Over the past two years, under our UHC Engage project, PAI and civil society partners in sub-Saharan Africa and Asia have focused on the opportunities to advance sexual and reproductive health and rights, including family planning, as part of universal health coverage reform. The challenge is that universal health care is multifaceted and country-specific in nature. Decoding the policy and financing reform environment for each country is key to illuminating the openings that exist for civil society to engage policymakers to increase access to sexual and reproductive health services for everyone, especially women and girls.
The details of emerging policies at the country level are not widely available at the global and regional levels and the country briefs in our Decoding Country-Level UHC Financing Policy series fill this critical knowledge gap.
In Uganda, policymakers introduced a bill in 2019 to create a National Health Insurance Scheme — an important first step for the country’s universal health care financing agenda. Government officials have consulted civil society and local communities along the way to ensure a comprehensive foundation for the most significant health policy and financing reform in decades.
Family Planning Advocacy in Uganda
The goal of universal health coverage (UHC) is inspiring landmark political and systemic change all over the world to guarantee access to the quality services people need — spanning preventive through palliative care — and financial protection to ensure they are not pushed into poverty by realizing their right to health care. However, the details of emerging policies at the country level are not widely available at the global and regional levels. Through the UHC Engage project, PAI and partners collaborated to develop a series of publications demystifying country-specific UHC financing policies to illustrate family planning (FP) advocacy opportunities and inform the international dialogue. As each country is in a different stage of UHC financing reform, these briefs deconstruct UHC policy processes in real time, illuminate multifaceted examples for advancing FP in UHC-oriented policies and offer insights across multiple contexts for sexual and reproductive health and rights (SRHR) advocates to strengthen global action.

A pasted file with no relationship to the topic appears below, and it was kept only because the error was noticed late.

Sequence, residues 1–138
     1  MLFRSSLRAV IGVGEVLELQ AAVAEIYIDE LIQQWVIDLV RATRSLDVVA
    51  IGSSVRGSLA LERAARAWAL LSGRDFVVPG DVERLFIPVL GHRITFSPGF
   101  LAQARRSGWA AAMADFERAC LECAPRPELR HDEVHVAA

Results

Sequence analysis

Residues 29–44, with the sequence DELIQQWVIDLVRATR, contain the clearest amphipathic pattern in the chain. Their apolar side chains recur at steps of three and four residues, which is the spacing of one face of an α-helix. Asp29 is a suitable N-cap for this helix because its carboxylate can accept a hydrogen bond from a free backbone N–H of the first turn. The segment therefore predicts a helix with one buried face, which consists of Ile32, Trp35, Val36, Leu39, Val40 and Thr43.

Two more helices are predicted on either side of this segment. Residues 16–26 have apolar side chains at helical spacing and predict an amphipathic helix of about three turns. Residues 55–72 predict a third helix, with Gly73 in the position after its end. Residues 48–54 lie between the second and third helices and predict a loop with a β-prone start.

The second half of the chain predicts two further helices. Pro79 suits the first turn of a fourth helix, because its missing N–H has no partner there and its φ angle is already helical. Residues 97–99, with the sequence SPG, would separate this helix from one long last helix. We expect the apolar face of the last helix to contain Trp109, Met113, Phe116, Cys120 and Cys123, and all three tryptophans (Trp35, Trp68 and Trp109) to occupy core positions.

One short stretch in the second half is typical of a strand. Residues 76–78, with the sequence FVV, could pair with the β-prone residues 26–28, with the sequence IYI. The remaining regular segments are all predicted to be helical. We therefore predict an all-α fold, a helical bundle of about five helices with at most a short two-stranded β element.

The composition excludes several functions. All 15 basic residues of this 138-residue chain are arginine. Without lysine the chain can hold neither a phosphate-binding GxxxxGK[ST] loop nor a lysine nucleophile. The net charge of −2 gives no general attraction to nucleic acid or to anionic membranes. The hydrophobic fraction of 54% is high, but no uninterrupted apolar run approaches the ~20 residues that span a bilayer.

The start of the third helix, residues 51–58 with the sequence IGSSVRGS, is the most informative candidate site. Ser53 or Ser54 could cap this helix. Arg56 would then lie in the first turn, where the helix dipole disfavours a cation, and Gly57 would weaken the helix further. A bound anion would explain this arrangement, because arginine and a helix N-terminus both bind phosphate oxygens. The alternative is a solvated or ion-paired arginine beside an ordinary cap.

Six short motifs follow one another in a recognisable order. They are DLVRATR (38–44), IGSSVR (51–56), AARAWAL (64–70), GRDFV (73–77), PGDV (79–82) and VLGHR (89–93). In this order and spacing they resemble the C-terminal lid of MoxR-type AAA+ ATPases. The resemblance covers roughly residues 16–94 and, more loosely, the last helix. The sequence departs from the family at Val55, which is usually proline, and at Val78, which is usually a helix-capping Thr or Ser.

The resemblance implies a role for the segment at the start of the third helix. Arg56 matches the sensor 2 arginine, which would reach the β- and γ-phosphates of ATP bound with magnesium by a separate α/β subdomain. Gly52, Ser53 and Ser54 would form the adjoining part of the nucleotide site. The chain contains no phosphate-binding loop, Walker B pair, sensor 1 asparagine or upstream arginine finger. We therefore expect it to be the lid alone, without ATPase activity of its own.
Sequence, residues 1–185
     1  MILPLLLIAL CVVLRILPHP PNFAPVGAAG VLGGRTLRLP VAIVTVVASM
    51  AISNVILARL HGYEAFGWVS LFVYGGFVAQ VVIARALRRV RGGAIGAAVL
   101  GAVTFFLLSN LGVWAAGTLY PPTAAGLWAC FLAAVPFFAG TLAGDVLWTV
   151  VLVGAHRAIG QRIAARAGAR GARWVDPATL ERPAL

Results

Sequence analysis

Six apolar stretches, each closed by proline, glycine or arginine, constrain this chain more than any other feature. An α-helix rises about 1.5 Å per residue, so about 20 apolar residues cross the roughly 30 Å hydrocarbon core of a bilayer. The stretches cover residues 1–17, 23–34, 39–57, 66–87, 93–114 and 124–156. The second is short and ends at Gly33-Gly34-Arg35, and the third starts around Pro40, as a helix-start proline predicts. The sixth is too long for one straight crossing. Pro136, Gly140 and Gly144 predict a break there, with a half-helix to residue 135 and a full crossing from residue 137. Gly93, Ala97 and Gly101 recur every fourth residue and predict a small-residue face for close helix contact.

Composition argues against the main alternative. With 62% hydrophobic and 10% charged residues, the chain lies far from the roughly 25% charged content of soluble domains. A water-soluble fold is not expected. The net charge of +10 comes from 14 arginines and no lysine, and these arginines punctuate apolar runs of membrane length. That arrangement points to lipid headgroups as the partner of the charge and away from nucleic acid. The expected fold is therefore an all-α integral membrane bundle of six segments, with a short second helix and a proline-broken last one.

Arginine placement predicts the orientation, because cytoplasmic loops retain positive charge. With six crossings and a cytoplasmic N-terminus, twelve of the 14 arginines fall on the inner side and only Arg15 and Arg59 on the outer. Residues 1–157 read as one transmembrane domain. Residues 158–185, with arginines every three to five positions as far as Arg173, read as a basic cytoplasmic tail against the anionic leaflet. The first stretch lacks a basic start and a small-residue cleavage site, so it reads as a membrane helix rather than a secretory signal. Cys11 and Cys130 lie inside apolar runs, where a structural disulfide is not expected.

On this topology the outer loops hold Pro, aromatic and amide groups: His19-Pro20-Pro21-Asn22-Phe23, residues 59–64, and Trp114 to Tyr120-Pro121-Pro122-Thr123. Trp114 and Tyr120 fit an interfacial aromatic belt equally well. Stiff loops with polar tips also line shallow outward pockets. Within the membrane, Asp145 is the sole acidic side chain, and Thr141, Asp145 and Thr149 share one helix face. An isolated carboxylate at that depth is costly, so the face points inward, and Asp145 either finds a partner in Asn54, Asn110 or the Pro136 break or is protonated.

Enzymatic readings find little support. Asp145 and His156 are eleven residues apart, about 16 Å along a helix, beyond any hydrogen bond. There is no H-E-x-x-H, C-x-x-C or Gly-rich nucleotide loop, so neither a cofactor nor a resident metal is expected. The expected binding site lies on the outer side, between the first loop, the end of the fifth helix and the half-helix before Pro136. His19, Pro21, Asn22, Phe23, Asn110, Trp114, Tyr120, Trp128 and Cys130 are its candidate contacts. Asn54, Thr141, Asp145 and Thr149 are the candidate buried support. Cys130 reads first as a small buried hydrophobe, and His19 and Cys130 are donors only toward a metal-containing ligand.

In Uganda, policymakers introduced a bill in 2019 to create a National Health Insurance Scheme (NHIS) — an important first step for the country’s UHC financing agenda. Government officials have consulted civil society and local communities along the way to ensure a comprehensive foundation for the most significant health policy and financing reform in decades. Early in policy discussions, the government engaged Partners in Population and Development Africa Regional Office (PPD ARO), which plays a pivotal convening role between civil society and policymakers. In future advocacy opportunities with the Ministry of Health (MoH), PPD ARO will prioritize ensuring that essential FP commodities and services are included in the policies, guidelines and regulations operationalizing the NHIS following the legislative process.
Uganda’s FP Snapshot
In its most recent Family Planning 2020 commitment, the Ugandan government set the primary goals of reducing unmet need for FP to 10% and increasing the modern contraceptive prevalence rate to 50% by 2020. The government has also prioritized a targeted response to meet the sexual and reproductive health needs of adolescents. To reach these objectives, policymakers must prioritize removing access barriers and offering expanded method choice. Across public sector facilities — the country’s main provider of modern contraception — as well as private and faith-based facilities, there is a high level of dependence on short-term methods.